The association between length of stay in Canada and intimate partner violence among immigrant women

Am J Public Health. 2006 Apr;96(4):654-9. doi: 10.2105/AJPH.2004.046409. Epub 2006 Feb 28.


Objective: We examined the prevalence of intimate partner violence (IPV) among recent (0-9 years) and nonrecent (>/= 10 years) immigrant women in Canada to determine whether differences in IPV were associated with length of stay in Canada.

Methods: We analyzed data from the 1999 General Social Survey, a national cross-sectional telephone survey. We used weighted logistic regression analysis to examine the effect of length of stay in Canada on IPV and controlled for socio-cultural and other factors associated with IPV.

Results: The crude prevalence of IPV was similar among recent and nonrecent immigrant women. However, after adjustment, the risk for IPV was significantly lower among recent immigrant women compared with nonrecent immigrant women. Country of origin, age, marital status, and having an activity limitation (physical/mental disability or health problem) also were associated with a higher risk for IPV.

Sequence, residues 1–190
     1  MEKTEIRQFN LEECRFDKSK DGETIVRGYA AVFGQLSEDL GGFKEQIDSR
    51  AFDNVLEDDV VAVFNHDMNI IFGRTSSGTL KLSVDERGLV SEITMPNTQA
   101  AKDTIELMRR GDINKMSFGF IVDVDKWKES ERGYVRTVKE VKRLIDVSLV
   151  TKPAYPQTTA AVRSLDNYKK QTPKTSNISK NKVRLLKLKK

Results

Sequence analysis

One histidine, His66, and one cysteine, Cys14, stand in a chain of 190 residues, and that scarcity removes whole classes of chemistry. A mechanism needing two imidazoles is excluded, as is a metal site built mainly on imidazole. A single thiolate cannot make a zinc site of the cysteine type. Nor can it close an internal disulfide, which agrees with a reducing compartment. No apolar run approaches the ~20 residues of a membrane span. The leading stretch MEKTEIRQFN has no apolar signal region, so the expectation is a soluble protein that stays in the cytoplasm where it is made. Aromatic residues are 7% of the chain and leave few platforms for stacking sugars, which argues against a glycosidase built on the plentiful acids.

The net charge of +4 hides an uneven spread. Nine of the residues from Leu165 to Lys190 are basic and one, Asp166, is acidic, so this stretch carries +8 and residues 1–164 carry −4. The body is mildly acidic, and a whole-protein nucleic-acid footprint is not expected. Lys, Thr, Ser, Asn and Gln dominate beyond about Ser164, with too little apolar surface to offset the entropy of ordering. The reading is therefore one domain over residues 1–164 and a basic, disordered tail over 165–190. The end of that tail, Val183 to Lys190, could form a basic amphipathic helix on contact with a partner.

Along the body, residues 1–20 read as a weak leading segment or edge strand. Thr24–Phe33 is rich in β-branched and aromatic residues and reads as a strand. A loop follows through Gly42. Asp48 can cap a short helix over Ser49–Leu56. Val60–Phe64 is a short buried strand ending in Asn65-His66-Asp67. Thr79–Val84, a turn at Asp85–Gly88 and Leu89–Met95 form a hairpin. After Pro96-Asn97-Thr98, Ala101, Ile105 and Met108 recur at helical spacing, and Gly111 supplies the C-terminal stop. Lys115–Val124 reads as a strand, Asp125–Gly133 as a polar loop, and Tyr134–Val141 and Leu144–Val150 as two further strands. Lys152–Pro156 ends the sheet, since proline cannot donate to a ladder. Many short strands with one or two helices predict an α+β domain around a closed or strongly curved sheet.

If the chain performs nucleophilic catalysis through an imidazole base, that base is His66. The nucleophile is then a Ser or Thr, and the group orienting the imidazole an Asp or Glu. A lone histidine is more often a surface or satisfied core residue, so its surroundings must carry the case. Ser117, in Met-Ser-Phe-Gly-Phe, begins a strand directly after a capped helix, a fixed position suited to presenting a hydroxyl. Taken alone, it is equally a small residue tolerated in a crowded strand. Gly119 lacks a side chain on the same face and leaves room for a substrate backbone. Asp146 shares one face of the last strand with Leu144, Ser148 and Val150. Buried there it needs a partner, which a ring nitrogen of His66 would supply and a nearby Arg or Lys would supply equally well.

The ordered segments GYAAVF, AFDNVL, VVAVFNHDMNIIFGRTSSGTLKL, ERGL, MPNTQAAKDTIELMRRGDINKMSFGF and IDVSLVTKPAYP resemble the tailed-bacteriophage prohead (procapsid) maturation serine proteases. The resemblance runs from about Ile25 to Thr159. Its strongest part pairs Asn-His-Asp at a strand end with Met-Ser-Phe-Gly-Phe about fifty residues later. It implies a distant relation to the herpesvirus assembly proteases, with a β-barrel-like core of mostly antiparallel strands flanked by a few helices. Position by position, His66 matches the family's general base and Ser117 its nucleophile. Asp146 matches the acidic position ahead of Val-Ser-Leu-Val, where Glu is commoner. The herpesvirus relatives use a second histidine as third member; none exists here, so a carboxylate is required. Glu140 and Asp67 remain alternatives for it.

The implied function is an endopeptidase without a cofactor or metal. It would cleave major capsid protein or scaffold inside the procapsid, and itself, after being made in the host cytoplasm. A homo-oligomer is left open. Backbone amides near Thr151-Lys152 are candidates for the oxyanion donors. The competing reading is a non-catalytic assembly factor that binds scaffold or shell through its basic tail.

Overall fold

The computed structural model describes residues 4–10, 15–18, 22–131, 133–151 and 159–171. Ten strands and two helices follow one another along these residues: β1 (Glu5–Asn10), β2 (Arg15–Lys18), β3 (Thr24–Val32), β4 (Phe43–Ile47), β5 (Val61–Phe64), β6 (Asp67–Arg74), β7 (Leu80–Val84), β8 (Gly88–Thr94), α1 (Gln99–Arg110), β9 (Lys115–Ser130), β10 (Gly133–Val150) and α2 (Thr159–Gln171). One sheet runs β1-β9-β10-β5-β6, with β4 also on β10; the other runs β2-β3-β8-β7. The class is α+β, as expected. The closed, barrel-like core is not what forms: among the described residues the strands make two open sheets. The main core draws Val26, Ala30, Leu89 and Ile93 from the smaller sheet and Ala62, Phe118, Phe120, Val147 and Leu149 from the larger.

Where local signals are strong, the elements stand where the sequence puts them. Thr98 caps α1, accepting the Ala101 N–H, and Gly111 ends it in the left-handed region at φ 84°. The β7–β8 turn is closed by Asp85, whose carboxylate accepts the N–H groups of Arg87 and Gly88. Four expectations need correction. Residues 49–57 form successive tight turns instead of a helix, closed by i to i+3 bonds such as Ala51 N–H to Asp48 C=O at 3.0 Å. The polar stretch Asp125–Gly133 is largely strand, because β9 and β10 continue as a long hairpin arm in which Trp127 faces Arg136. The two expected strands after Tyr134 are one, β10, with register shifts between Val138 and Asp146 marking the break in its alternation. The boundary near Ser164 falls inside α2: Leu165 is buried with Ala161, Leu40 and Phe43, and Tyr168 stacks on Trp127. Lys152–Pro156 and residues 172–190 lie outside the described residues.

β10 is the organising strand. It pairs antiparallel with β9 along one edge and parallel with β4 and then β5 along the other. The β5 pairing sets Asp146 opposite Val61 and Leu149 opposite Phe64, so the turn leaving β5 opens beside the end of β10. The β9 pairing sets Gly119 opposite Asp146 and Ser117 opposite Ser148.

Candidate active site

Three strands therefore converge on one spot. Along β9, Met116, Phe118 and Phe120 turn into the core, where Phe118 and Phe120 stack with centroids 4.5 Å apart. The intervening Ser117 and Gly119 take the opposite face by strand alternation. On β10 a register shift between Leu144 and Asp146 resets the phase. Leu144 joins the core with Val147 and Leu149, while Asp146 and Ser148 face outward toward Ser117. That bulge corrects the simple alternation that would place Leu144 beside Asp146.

Conclusions: Our findings have important implications for both prevention and detection of IPV among immigrant women.

Publication types

  • Research Support, Non-U.S. Gov't

MeSH terms

  • Adolescent
  • Adult
  • Canada / epidemiology
  • Emigration and Immigration / statistics & numerical data*
  • Female
  • Humans
  • Male
  • Middle Aged
  • Racial Groups / statistics & numerical data*
  • Socioeconomic Factors
  • Spouse Abuse / ethnology*